BEIJING: Food brands, quick service chains and grocery retailers stand to benefit from a huge surge in sales across China - but also face sizeable obstacles to long-term growth.

A study by the Boston Consulting Group suggested an "unprecedented shift" in eating habits now underway throughout the world's most populous nation is set to have a "transformational impact."

In the first instance, such a transition encompasses greater expenditure levels, alongside incorporating moves towards different categories like packaged and frozen food.

"Farmers, manufacturers, energy producers, retailers, and consumers across the country are about to see their lives changed forever by what more than a billion people are choosing to eat," said Michael Silverstein, a BCG senior partner.

"For some companies, the challenge to determine how to profit from the new trend will be too great, and they will struggle to survive."

Overall, Chinese shoppers are expected to spend $1,000bn on food in 2020, measured against $350bn in 2010, as rising disposable incomes stimulate an evolution in dietary patterns.

To take just one example, pork and chicken made up 19% of the average diet last year, a figure anticipated to hit 28% by 2020, as people eat an extra 400bn portions annually.

However, new behaviours might further encourage price inflation regarding raw materials, as intense competition means a metric tonne of corn could command $292 by 2020, up from $186 in 2010.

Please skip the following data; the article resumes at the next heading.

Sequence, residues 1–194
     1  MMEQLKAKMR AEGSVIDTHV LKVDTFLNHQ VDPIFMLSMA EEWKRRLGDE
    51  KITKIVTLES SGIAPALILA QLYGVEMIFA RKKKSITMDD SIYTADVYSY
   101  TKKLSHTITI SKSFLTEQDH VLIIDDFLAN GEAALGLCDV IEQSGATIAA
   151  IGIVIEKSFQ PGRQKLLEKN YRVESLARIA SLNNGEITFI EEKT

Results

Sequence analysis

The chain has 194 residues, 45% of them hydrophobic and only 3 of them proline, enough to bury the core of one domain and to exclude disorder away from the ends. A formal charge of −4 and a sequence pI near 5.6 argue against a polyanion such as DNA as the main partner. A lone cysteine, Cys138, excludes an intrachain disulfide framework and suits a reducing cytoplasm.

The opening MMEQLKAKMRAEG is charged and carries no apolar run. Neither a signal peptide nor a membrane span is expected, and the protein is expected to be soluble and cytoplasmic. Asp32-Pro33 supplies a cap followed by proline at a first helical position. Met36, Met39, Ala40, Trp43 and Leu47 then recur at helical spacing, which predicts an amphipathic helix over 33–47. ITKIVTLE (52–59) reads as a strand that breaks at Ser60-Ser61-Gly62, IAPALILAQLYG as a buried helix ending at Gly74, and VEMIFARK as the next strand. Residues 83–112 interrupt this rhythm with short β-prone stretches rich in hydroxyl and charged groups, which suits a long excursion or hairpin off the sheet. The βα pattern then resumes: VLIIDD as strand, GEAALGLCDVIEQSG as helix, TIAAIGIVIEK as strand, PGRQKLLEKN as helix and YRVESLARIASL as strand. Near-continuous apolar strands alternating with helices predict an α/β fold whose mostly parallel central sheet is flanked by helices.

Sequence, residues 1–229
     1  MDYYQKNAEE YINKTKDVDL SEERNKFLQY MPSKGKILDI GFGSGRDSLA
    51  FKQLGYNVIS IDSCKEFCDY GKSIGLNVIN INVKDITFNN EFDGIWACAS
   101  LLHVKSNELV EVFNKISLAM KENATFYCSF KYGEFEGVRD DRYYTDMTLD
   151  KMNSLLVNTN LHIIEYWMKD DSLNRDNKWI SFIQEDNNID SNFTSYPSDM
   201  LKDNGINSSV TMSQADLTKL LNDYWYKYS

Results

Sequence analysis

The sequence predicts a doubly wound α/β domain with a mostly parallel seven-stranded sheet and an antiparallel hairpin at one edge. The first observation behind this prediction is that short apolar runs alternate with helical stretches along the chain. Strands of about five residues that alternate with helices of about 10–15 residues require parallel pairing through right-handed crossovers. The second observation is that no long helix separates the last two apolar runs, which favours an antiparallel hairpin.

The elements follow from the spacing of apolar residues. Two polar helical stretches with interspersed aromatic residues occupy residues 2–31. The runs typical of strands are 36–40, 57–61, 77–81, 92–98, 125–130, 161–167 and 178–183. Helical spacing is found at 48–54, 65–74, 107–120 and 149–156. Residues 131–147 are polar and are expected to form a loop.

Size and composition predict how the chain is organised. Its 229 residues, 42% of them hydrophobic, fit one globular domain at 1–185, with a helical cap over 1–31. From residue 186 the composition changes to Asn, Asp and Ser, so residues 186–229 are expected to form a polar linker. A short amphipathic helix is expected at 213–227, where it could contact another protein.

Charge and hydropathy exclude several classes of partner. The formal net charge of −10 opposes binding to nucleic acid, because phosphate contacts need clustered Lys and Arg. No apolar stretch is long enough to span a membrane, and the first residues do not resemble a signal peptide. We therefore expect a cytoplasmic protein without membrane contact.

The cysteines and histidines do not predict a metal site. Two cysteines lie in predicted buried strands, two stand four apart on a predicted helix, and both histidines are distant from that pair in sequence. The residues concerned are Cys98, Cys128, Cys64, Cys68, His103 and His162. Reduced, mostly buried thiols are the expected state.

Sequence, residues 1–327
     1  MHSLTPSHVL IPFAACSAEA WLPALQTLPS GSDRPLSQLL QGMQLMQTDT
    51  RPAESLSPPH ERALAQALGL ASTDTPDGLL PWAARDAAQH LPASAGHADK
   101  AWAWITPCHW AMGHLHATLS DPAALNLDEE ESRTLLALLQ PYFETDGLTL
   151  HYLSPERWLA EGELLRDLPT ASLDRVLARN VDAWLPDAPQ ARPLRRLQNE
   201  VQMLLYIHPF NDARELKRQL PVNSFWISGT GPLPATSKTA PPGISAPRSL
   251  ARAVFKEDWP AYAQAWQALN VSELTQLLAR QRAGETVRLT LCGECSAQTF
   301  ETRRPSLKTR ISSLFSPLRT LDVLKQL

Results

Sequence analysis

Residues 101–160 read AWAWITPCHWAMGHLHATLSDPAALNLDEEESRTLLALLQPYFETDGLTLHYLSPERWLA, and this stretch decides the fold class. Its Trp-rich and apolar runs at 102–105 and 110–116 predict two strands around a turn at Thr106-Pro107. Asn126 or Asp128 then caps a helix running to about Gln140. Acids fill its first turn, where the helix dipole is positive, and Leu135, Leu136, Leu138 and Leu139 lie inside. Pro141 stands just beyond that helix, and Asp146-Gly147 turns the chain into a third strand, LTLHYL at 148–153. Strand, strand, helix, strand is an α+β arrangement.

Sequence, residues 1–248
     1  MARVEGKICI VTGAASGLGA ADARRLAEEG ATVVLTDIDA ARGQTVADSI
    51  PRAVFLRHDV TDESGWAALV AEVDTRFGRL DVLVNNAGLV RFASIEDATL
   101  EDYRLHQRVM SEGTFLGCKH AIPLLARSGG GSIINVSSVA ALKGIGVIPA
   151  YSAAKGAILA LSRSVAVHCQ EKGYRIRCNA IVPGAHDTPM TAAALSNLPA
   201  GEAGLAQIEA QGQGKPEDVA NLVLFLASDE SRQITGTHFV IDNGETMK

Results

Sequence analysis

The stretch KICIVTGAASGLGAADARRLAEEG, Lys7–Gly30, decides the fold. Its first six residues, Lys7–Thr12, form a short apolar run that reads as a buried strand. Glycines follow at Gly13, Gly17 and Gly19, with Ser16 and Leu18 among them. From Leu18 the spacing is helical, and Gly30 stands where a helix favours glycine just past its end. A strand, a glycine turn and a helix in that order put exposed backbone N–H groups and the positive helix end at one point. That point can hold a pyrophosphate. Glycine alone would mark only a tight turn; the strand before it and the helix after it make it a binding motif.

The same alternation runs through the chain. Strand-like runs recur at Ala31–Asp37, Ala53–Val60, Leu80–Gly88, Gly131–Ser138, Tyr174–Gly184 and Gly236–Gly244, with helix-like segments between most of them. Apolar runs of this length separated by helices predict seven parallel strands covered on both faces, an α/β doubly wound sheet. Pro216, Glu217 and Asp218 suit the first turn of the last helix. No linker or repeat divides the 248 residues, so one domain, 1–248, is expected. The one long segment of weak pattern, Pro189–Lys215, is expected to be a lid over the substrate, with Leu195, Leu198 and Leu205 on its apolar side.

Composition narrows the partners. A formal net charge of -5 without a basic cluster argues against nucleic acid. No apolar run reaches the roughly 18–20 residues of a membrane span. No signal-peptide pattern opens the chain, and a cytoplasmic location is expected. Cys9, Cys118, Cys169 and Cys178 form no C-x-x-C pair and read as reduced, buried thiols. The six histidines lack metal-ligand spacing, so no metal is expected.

"Although there will be productivity gains over the next decade, this price increase will find its way through the system and all the way to the consumer in the shopping mall," said Silverstein.

Mead Johnson, which makes infant formula offerings like Enfamil, in a segment where trusted brands are particularly important, has observed many such issues at work.

"The Chinese government currently is very much focused on quality and food safety, but are also aware of the risk of food inflation, and there are some food categories that they are putting under control or under watch," said Stephen Golsby, its ceo.

"We're not immune to these sensitivities, and we have to be watchful as we consider taking further price increases."

Elsewhere, BCG's analysis outlined three core tactics brand owners and retailers should pursue, not least related to the central matter of how much they charge for products.

"On price, companies need to respond quickly with price changes-up or down-and this requires meticulous preparation," said Silverstein.

"Raise the price by either lifting the price point or shrinking the size of the product; and collaborate (with retailers or manufacturers) in order to retain the loyalty of the shopper."

The case of fast-food chain McDonald's highlights the dangers of attempting to abandon a low-cost positioning and increase prices.

"Back in November, we went to off of that strategy for one month and saw a little business dip," said McDonald's chief operating officer, Donald Thompson.
"So we've gone right back to our value messaging around lunch and breakfast, and it's paying great dividends."
Secondly, BCG argued, it is vital for organisations to ensure they make products from a variety of raw materials, and have a suitably broad roster of suppliers.
"On hedging, companies need to expand this capability, so that they can lock in profit," added Silverstein.

Data sourced from Boston Consulting Group; additional content by Warc staff